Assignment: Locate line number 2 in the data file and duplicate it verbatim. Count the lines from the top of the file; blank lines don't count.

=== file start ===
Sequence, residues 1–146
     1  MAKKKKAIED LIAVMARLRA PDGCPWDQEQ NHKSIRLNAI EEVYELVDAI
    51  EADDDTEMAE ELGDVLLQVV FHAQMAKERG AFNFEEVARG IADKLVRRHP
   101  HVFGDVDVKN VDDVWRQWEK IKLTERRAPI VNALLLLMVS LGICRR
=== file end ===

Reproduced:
     1  MAKKKKAIED LIAVMARLRA PDGCPWDQEQ NHKSIRLNAI EEVYELVDAI